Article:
2 sixteenth century by the physician Paracelsus, who gave them the name ossiculum anti-epilepticum, believing them to be a remedy for epilepsy. These bregmatic bones are very common in only a few mammals. In the large majority of mammalian skulls they are rarely seen and in some never seen. 3. Vertex: Highest point on the convexity of the calvarium measured from the Frankfurt plane (auriculo-orbital plane). The Frankfurt plane is a plane defined by a line passing through the inferior margin of the left orbit (a point called the left orbitale) and the upper most lateral margin of each ear canal referred to as the porion. This plane was established at the World Congress on Anthropology in Frankfurt, Germany in In normal individuals both orbits and porions are in the same plane, however, due to pathology this is not always the case. This formal definition specifies only these three points, which are sufficient to describe a plane in three-dimensional space. 4. Lambda: Point of juncture of the left and right lambdoidal sutures and superior sagittal suture. 5. Inion: This is the most prominent point in the posterior aspect of the occipital calvarium (back of the head) occurring at the intersection of the left and right superior nuchal lines. It is at the base of the external occipital protuberance. 6. Opisthocranion: This is the most posteriorly protruding point on the back of the skull, located in the mid-sagittal plane. Opisthocranion almost always falls on the superior squama of the occipital bone, and only occasionally on the external occipital protuberance. The opisthocranion can generally be established while obtaining the measurement of maximum cranial length. 7. Porion: These are paired points at the lateral most part of the superior margin of the external auditory meatus. As previously pointed out, it is used to define the Frankfurt plane and to measure mastoid length. 8. Asterion: This is the point where the temporal, parietal and occipital bones meet. It is also referred to as the point of the skull corresponding to the posterior end of the parietomastoid suture. 2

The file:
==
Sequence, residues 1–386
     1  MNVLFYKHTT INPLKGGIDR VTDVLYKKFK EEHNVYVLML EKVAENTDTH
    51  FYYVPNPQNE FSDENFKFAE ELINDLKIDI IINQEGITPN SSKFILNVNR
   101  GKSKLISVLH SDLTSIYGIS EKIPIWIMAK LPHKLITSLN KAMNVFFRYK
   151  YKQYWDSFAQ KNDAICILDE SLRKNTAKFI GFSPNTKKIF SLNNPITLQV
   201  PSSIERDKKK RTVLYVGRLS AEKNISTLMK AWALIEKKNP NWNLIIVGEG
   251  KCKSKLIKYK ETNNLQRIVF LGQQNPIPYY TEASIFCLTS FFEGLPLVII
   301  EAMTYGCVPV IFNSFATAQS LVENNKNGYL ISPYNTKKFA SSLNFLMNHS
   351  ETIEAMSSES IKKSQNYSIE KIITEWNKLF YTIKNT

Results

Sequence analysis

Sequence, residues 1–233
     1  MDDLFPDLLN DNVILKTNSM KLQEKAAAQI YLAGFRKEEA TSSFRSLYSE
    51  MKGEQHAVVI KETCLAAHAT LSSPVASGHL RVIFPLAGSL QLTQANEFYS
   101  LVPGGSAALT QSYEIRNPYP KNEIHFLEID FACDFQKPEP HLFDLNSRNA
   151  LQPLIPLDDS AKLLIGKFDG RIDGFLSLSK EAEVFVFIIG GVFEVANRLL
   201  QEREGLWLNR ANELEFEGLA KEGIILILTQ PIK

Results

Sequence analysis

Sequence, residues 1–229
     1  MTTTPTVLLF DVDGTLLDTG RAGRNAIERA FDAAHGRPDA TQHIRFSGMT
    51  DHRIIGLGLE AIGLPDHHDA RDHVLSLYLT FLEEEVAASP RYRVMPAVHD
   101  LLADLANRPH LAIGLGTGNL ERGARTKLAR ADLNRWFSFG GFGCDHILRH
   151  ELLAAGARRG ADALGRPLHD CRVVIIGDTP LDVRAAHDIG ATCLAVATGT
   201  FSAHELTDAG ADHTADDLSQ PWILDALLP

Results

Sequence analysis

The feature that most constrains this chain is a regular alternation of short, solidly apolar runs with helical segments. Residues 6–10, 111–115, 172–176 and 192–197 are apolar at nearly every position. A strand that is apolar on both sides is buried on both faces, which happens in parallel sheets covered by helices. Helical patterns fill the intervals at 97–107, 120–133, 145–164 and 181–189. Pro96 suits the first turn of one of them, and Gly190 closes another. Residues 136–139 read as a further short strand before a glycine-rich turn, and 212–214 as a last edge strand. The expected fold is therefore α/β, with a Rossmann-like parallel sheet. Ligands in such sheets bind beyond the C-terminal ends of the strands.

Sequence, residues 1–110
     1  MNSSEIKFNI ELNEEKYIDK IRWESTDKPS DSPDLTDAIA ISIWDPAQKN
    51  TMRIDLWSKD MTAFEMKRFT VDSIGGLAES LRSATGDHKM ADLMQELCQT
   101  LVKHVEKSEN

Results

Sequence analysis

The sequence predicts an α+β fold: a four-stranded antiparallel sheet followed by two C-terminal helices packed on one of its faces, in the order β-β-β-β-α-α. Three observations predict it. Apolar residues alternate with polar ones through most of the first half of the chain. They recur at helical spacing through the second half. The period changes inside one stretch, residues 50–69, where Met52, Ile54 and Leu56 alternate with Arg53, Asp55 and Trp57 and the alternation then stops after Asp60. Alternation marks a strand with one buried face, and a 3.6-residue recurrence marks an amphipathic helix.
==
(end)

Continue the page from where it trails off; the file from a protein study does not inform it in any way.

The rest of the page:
3 BASE OF THE SKULL 1. Opisthion: This is the midpoint of the posterior margin of the foramen magnum in the mid-sagittal plane. Opisthion is located on the inner border of the posterior margin of the foramen magnum facing basion. 2. Basion: This is the midpoint of the anterior margin of the foramen magnum in the mid-sagittal plane directly opposite of opisthion. In rare cases, the determination of the position of basion may be made difficult by a thickening of the anterior margin, In determination of the height of the skull, basion is positioned somewhat farther onto the underside of the margin of the foramen magnum. 3. Staphylion: This is a single point on the posterior hard palate where the palatal suture is crossed by a line drawn tangent to the curves of the posterior margin of the palatal bones. It is used to measure palatal length. 4. Orale: This is the most anterior point on the hard palate where a line drawn lingual to the central incisors intersects the palatal suture. It is used to measure palatal length. 6. Endomolare: This is the most medial point on the inner margin (lingual surface) of the socket of the second upper molar. It is used to measure palatal width. 3